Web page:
have to notice that Greece bonds are yielding 12% now. The market is
certainly hedging its bets on the outcome.

The U.S. government debt/GDP ratio is only at 90% if you look at
gross debt, which I think overstates the problem because net debt is
what is outstanding if you exclude the government's own holdings. For
this calculation I think we should. And there is nothing magical about a
90% level, either, particularly when the nation being considered has
many economic advantages, not the least of which is the debt being owed
in its own fiat currency. So it is early to be looking for the end game
in the U.S. dollar or Treasuries. The market will let us know if this
changes. The signal I would look for would be persistent sell-offs in
U.S. Treasuries on days accompanied by disappointing economic news. So
far that isn't happening. If it does, portfolios will need to be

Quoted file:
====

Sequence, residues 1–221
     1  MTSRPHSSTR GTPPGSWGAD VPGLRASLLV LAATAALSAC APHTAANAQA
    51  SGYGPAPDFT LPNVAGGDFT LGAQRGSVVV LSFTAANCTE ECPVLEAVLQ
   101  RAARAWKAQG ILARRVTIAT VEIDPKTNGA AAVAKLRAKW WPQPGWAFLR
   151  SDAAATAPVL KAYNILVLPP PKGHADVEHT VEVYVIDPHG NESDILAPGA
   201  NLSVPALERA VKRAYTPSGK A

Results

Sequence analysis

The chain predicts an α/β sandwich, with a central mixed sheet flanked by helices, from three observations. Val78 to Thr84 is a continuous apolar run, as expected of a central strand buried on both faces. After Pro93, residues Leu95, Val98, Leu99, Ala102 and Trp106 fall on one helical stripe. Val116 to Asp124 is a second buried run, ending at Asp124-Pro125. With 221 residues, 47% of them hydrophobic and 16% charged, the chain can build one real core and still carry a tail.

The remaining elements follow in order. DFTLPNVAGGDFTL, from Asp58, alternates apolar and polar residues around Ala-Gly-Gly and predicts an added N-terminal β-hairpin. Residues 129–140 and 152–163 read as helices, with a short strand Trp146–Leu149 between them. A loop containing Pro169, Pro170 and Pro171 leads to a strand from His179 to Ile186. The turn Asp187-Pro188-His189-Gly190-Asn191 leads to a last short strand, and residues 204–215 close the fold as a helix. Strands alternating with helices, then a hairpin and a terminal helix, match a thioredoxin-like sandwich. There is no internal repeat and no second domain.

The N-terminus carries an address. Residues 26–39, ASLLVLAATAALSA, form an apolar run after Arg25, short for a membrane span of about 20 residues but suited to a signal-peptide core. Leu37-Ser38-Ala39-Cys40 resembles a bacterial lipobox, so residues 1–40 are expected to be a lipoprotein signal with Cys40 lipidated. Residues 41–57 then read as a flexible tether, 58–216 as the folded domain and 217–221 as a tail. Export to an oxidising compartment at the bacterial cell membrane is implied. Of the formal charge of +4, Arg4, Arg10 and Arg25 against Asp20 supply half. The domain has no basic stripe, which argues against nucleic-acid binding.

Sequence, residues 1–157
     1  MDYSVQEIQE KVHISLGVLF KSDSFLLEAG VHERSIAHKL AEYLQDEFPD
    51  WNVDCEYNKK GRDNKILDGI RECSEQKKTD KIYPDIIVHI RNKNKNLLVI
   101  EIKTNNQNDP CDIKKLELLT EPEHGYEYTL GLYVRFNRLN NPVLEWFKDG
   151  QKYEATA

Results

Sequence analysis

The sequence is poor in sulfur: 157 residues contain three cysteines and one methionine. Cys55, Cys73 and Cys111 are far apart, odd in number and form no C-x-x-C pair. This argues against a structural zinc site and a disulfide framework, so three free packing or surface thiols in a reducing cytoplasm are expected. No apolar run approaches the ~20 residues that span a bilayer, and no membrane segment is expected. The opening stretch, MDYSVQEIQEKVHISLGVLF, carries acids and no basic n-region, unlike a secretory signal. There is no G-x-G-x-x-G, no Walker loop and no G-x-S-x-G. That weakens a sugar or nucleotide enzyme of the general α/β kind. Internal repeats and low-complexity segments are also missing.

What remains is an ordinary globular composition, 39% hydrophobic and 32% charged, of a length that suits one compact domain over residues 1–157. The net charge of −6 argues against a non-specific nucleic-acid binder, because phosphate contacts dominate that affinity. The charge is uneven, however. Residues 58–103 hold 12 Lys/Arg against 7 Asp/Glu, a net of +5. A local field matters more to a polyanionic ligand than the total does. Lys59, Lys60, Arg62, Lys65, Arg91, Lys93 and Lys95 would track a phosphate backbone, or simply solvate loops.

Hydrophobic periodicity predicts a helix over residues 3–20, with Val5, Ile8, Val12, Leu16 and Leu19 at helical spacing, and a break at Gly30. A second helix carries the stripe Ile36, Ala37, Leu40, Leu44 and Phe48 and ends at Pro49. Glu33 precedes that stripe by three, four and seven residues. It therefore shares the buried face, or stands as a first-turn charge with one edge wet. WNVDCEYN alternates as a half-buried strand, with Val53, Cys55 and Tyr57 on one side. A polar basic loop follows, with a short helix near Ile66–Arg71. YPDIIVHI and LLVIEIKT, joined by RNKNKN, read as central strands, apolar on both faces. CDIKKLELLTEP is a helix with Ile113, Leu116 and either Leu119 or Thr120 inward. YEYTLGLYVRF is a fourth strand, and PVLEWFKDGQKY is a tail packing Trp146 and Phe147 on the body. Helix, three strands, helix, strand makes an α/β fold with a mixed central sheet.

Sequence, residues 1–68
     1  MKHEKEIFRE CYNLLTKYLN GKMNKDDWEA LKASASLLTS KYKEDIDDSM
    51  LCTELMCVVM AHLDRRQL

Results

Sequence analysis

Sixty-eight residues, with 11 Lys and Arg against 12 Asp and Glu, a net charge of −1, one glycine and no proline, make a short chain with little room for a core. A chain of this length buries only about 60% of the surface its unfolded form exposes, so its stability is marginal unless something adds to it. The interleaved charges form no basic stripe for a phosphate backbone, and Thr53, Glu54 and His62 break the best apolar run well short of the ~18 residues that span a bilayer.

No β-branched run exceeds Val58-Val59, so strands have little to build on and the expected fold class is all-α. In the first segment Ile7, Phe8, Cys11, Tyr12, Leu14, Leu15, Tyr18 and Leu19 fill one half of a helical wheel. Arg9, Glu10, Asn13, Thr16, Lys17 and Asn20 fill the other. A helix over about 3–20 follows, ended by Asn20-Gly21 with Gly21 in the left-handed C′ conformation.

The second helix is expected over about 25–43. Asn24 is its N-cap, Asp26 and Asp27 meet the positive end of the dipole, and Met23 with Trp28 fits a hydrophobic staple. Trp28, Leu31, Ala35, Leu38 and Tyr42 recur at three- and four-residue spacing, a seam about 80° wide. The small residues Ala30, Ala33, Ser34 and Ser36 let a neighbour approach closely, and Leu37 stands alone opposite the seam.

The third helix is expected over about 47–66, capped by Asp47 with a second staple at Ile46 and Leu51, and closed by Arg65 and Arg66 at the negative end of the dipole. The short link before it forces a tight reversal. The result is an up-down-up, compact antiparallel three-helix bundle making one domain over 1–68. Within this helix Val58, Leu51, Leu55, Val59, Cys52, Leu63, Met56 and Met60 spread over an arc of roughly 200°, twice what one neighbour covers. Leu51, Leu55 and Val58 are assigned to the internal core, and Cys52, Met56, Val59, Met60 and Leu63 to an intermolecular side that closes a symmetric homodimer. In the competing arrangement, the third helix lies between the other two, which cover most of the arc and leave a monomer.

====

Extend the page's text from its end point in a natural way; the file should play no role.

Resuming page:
adjusted accordingly.

5. What have been the biggest challenges in setting up your
own management firm, and how do you balance the investment
responsibilities with the administrative ones?
It sure would
have been nice not to have been forced to set up DoubleLine without any
advance planning or even any know-how about how to proceed at the very
first. As it was, I had to go from zero to cruising speed much more
quickly than anyone would ever want to go. We had a lot to learn those
first couple of months, but now we are probably just that much stronger
for the experience. Investors have been so tremendously supportive, and,
in particular, the large number of new investors is gratifying. The
ability to focus the business rationally has increased so greatly that
it far outweighs these challenges.

As for balancing investment duties and administration, I can honestly
say that was more of a challenge before than it is now. I have always
been pretty good at leading a big investment team, as evidenced by the
team's tremendous dedication. Before founding DoubleLine, I ran a
department within a division within a subsidiary of a large